The delayed 2-stage tissue expander and implant reconstruction is the most common indication for use of a device without the addition of a support matrix or additional soft tissue cover. The pectoral muscle can be elevated and divided above the inframammary fold in a manner similar to a subpectoral breast augmentation. In patients with adequate thickness to the lower mastectomy flap, the expander and eventual implant will sit in a subcutaneous position in the lower portion of the breast. Optimization of soft tissue cover can be refined at a later date with the use of injected fat.

Direct to Implant Reconstruction with Autoderm

Improved techniques in the performance of skin- and nipple-sparing mastectomies have allowed surgeons to expand their indications for DTI reconstruction. Patients with larger or ptotic breasts can undergo reconstruction with direct implant insertion and coverage with deepithelialized autogenous flaps, often referred to as “autoderm.” New advances in intraoperative assessment of tissue perfusion using fluorescence imaging have made the mastectomies as well as the dermal flaps more predictable. This approach obviates an additional support matrix minimizing surgical time, costs, and risks.

Fat-Assisted “Delayed” Direct Implant Reconstruction

There is an evolving trend toward alloplastic reconstruction with implants placed above the pectoral muscle (prepectoral). A common problem is inadequate soft tissue coverage if the pectoral muscle is not used. At present, this has been managed with the addition of dermal matrices to cover the prepectoral implant and autologous fat grafting. There has also been an expansion of use and indications for large-volume fat grafting to the breast. Combining these concepts, patients may undergo fat grafting of the muscle and subcutaneous tissues at the time of the mastectomy followed by further fat grafting at a second stage. During the second stage, an implant can then be placed above (or below) the muscle, essentially simulating a subglandular (or subpectoral) breast augmentation.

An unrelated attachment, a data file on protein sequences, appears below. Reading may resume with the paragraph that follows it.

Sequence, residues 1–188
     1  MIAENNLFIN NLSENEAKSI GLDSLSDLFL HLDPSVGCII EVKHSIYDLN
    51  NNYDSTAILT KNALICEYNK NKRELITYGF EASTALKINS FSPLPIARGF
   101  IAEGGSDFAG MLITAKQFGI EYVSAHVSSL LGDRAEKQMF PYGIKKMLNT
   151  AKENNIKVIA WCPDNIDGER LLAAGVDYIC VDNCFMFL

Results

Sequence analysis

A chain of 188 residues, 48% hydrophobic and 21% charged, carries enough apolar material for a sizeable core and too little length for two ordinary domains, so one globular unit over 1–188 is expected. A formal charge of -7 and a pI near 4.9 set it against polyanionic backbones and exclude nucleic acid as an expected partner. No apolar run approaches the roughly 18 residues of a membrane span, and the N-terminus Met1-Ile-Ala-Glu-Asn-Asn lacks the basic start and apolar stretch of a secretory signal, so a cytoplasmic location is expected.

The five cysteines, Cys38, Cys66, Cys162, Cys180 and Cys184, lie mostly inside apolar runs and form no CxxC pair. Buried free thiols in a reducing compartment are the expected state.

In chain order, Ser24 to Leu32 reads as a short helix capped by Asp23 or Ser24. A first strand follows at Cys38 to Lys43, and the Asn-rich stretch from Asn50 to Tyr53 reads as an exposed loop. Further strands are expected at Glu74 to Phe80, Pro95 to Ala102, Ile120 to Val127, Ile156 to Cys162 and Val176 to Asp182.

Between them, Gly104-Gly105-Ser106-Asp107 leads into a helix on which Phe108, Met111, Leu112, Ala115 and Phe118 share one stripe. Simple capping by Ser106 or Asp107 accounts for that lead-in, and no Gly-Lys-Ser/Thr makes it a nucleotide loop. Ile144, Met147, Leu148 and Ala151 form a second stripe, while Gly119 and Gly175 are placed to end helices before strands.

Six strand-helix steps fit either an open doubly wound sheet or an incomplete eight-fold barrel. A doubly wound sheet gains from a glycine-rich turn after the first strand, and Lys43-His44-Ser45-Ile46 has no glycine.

Controversies for implant only–based breast reconstruction

When to Add Internal Support

The decision regarding when to add a biologic matrix or a synthetic mesh to an alloplastic reconstruction is controversial. Benefits include improved coverage over the device, lengthening and support of the pectoralis muscle, support for the device at the lower pole, more rapid expansion, improved definition of the breast boundaries and folds, and possible modification of capsule formation. Disadvantages include added risk of infection, seroma formation, risk of material exposure, added surgical time, and increased cost.

Staging with a Tissue Expander or Placing an Implant Immediately (Direct to Implant)

The decision to stage with initial placement of an expander followed by an implant or proceed directly to an implant is controversial. Disadvantages of tissue expanders include more discomfort, emotional and physical discomfort associated with expander fills, potential for expander rotation or flipping, expander injury and deflation, requirement of a second stage, and psychological disadvantage of a temporary device rather than the definitive implant. Disadvantages of immediate implant placement include incorrect sizing, inability to make postoperative adjustments in breast volume or pocket size, challenges in managing chest wall or breast asymmetry, increased stress of compromised mastectomy skin flaps, and potential increased risk of device exposure.

Use of Round or Anatomically Shaped Implants

The issue of implant selection is controversial and is based on surgeon and patient preference. Round implants require less preoperative planning, are simpler to use, have both smooth and textured surfaces, are available in a range of cohesivities, and are familiar to most surgeons. Disadvantages include upper pole convexity and potentially more skin stretch over time. Shaped implants create a more natural upper pole, can help correct mild ptosis, may more closely match the contour of the unoperated breast in a unilateral reconstruction, and potentially result in less skin stretch. Disadvantages include need for more preoperative planning, risk of rotation, higher cohesivity, and availability in textured shell only.

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Nov 21, 2017 | Posted by in Dental Materials | Comments Off on Indications and Controversies for Implant-Only Based Breast Reconstruction